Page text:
VMware patches critical vulnerabilities

VMware released patches last week for several critical security vulnerabilities, just days after two of them were unveiled at a popular Canadian cybersecurity conference.

The company’s updates addressed five critical vulnerabilities in all, covering its vSphere ESX-i, VMware Workstation Pro/Player, and VMware Fusion Pro/Fusion products.

A team calling itself Fluoroacetate exploited the first two flaws during the Pwn2Own contest at the CanSecWest cybersecurity conference, which took place in Vancouver from 20-22 March, earning them a $70,000 reward.

According to VMware’s security advisory, issued on 28 March, these two issues addressed an out-of-bounds read/write vulnerability and a time-of-check time-of-use (TOCTOU) vulnerability in the virtual universal host controller interface used by ESXi, Workstation and Fusion. An attacker must have access to a virtual machine with a virtual USB controller present, the advisory said, adding that it could allow a guest VM to execute code on the host system.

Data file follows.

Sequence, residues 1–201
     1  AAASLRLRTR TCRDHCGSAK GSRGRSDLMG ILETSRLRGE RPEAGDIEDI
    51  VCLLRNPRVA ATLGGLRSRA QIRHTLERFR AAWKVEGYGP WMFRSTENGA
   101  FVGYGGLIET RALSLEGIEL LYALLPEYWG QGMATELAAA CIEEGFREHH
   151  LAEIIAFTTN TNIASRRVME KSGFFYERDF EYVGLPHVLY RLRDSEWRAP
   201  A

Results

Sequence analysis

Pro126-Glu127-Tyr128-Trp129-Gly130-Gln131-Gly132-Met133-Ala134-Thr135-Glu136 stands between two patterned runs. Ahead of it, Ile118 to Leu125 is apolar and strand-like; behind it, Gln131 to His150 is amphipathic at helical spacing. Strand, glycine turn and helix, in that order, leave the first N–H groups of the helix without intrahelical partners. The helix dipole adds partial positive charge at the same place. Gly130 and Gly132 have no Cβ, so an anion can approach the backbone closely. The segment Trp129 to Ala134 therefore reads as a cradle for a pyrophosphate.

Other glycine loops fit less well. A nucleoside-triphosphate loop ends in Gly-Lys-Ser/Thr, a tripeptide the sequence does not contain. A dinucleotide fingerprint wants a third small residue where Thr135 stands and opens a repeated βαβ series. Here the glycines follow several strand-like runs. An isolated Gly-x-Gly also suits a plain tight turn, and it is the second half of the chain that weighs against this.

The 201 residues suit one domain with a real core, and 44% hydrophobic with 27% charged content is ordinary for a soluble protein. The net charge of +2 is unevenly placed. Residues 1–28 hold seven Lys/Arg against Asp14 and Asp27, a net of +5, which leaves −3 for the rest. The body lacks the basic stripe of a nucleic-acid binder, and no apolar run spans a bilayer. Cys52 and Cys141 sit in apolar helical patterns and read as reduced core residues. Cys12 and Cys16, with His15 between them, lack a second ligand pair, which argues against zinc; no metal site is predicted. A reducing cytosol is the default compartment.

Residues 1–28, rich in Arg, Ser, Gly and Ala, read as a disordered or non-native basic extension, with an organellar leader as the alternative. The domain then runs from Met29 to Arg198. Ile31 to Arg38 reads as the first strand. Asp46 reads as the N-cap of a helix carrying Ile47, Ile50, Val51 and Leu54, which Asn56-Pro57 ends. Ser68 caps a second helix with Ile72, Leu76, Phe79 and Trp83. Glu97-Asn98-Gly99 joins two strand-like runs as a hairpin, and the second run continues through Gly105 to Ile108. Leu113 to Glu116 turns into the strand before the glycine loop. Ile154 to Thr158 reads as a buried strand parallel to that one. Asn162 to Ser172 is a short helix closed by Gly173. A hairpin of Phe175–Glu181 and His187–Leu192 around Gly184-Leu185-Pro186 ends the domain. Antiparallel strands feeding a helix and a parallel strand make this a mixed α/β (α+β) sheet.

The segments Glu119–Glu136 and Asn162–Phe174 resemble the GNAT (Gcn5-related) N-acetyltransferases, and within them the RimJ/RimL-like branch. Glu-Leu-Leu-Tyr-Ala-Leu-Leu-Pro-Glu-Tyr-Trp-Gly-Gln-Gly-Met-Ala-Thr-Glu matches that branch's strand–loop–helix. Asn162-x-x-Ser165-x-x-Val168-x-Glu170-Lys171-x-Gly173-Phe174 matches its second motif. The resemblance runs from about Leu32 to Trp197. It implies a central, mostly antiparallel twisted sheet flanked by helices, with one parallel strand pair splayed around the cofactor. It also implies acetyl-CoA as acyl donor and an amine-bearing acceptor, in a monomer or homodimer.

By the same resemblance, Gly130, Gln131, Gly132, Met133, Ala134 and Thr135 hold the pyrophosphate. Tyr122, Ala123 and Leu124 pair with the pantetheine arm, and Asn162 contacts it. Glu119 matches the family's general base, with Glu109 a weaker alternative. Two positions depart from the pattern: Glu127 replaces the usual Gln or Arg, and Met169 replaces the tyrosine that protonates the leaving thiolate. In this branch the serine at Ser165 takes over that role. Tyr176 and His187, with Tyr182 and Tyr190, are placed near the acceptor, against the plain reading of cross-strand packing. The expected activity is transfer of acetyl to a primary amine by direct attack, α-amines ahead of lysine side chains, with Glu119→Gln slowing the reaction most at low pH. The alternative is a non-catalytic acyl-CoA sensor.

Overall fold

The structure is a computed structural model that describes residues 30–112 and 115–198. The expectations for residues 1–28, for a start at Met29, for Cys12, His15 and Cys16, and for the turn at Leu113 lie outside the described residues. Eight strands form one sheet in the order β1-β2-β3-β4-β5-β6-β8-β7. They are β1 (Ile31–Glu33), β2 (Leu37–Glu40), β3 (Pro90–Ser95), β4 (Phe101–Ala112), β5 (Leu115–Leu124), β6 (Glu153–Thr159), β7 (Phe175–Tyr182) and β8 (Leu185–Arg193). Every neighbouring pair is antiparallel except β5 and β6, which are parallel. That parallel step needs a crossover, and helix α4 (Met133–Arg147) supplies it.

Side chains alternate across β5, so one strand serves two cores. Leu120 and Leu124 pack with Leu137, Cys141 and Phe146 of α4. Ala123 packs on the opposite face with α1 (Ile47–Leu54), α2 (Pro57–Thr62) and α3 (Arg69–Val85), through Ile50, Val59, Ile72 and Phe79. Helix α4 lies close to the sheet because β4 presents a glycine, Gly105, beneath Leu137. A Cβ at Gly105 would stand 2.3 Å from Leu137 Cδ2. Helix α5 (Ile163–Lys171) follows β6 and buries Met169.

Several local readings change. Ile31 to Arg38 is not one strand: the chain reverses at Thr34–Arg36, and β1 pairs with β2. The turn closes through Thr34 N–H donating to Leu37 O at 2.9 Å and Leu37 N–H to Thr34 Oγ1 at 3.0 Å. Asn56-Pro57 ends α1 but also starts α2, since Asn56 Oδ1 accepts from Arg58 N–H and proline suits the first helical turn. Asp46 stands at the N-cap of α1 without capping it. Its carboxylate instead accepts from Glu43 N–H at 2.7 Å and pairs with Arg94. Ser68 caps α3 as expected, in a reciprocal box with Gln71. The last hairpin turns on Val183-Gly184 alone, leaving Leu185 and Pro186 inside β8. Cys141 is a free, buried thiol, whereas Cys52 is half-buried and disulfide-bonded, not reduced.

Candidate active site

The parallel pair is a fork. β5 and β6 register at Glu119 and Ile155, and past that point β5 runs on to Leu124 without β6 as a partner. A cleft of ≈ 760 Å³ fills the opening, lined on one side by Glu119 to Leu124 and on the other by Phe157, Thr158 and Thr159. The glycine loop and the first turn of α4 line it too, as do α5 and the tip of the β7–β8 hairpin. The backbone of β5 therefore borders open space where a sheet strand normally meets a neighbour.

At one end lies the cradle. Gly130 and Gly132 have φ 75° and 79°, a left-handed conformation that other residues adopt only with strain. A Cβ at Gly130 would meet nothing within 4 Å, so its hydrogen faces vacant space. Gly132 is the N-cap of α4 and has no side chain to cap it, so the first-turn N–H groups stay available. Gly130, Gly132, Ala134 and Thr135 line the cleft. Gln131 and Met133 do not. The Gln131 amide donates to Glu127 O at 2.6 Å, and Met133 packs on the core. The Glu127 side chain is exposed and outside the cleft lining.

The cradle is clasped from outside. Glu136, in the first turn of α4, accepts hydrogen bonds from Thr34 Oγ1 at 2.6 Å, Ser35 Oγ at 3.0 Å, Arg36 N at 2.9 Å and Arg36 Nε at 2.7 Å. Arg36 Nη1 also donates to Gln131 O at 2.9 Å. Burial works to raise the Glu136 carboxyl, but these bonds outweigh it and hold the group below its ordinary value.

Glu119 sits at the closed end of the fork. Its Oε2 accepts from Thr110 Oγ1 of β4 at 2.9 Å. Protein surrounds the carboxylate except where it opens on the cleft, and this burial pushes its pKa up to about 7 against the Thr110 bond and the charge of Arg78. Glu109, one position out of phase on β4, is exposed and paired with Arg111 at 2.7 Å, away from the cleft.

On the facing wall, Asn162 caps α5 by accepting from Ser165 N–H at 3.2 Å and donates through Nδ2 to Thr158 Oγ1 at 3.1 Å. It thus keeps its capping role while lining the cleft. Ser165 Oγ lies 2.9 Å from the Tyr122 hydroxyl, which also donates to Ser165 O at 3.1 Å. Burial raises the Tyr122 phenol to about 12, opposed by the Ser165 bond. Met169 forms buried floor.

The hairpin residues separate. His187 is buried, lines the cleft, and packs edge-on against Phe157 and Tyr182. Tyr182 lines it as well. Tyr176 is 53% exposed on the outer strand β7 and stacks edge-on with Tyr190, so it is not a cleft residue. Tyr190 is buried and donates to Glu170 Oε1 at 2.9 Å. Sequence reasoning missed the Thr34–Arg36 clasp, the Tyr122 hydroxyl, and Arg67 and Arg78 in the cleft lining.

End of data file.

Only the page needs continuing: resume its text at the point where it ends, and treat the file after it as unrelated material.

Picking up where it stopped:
The third and fourth vulnerabilities addressed out-of-bounds write issues in VMware Workstation’s and Fusion’s e1000 and e1000e virtual network adapters. Both of them could allow code execution on the host from a guest, but the latter was more likely to result in a denial of service attack on the guest virtual machine, VMware said.

Finally, VMware said that its Fusion product contains a security vulnerability stemming from an unauthenticated application programming interface (API) that allowed access to an application menu through a web socket.

This could allow an attacker to trick the host user into running malicious JavaScript. The JavaScript can, in turn, manipulate the guest virtual machine via the VMware Tools utility, which allows for enhanced communication between the host and the guest. From there, an attacker could run various commands on the guest machine, the software vendor said, thanking independent researchers CodeColorist (@CodeColorist) and Csaba Fitzl (@theevilbit) for flagging the problem.

Code Colorist originally discovered the basis for this flaw, and Fitzl built on it. In a post detailing the flaw, Fitzl elaborated:

You can fully control all the VMs (also create/delete snapshots, whatever you want) through this websocket interface, including launching apps

Code Colorist explained that you normally see exploits breaking out from the guest virtual machine to the host, but this is a rarer exploit that goes the other way:

These vulnerabilities have been assigned the following CVE numbers, in order, but at the time of writing the details for all entries had not yet been uploaded:


What to do?

VMware advises customers review the patch/release notes for their product and  version. Details about patches for the various products can be found on the security advisory.